Inside The Most Common GI Disorder
Many patients with irritable bowel syndrome often never discuss their symptoms with their physicians. Some estimates suggest as few as one in five are diagnosed. But it clearly is the most common disorder of the gut.
At one time, most physicians believed that irritable bowel syndrome had a psychological cause. However, this is no longer believed to be true. People with irritable bowel syndrome have a lower pain threshold in their gastrointestinal tract compared with people who don't have irritable bowel syndrome. Even though irritable bowel syndrome is not a psychological illness, your emotions can definitely make the symptoms worse. So can a lot of other triggers, like certain foods or medications.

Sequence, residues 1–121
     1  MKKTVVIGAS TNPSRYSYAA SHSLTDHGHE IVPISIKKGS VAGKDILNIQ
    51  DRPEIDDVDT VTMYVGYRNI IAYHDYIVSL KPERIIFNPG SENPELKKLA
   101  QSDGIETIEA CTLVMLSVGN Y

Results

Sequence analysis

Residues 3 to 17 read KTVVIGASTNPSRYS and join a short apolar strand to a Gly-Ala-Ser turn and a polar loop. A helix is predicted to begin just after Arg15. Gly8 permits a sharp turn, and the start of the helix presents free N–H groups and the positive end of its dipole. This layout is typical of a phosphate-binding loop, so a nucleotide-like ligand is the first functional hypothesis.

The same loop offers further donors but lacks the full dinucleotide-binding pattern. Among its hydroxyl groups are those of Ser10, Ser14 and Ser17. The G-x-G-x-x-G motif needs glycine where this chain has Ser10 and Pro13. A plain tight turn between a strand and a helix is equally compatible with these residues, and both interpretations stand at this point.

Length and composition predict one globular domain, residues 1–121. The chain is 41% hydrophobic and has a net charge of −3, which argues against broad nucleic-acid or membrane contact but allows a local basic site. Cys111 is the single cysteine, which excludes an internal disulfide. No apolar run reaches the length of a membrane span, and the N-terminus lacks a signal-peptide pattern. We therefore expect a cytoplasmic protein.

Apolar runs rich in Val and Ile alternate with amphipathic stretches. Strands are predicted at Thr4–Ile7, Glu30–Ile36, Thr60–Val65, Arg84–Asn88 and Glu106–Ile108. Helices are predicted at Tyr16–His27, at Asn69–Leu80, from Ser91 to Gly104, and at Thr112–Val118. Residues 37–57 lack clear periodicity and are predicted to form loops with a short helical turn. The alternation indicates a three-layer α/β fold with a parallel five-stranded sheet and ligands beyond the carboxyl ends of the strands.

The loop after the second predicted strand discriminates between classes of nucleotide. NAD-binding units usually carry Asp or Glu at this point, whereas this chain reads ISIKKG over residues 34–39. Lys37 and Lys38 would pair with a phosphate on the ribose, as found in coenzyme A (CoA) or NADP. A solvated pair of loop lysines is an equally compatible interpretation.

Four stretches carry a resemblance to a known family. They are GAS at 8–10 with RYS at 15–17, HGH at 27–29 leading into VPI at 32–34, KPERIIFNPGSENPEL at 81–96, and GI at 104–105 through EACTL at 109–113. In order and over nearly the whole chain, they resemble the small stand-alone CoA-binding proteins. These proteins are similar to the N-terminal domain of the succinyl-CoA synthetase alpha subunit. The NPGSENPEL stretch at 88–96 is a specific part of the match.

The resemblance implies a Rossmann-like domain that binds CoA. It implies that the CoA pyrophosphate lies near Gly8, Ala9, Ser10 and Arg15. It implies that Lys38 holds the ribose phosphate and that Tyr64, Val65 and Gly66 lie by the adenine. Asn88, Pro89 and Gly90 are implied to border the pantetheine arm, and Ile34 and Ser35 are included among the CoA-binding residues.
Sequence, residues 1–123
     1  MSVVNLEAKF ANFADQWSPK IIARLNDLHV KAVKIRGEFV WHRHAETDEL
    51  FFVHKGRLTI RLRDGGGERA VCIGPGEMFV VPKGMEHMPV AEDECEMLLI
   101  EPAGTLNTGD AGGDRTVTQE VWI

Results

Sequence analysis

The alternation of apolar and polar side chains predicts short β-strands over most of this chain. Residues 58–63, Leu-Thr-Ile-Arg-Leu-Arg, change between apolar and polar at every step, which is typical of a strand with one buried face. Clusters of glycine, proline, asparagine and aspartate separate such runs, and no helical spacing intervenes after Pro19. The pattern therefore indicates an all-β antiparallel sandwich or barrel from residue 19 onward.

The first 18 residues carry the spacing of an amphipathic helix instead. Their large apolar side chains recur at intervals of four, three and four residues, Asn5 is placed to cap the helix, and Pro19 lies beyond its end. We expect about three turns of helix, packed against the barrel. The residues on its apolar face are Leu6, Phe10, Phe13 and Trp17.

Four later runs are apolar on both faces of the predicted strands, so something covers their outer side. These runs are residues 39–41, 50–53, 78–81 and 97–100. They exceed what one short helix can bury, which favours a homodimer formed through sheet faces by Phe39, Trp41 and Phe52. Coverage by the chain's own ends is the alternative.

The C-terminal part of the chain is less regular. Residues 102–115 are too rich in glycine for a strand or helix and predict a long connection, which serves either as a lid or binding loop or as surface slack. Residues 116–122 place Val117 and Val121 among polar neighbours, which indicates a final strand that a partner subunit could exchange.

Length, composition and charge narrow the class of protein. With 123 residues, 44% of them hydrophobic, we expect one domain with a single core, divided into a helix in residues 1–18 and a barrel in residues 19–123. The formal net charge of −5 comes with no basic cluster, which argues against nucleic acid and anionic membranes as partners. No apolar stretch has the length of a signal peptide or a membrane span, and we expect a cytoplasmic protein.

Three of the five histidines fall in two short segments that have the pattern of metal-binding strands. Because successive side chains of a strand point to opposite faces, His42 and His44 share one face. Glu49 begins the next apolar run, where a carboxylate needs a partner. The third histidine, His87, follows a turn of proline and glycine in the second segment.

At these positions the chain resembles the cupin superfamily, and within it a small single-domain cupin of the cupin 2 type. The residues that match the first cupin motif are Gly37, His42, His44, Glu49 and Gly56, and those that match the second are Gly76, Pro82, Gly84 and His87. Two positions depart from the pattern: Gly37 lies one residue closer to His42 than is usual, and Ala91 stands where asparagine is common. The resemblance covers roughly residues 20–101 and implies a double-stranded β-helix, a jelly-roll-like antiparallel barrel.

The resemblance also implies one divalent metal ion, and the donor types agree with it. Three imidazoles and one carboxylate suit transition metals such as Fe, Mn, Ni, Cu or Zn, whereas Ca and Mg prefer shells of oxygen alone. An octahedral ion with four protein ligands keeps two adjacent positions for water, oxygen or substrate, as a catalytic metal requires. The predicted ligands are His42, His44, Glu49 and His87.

The heightened sensitivity to pain in the intestinal tract of people with irritable bowel has been well-documented. Brain imaging studies have been informative. The images show that in irritable bowel syndrome patients, signals of pain from intestinal contraction and bloating trigger brain activity differently compared with people who don't have IBS. People with irritable bowel syndrome feel the bowel expand at a much lower volume of gas than other people do.
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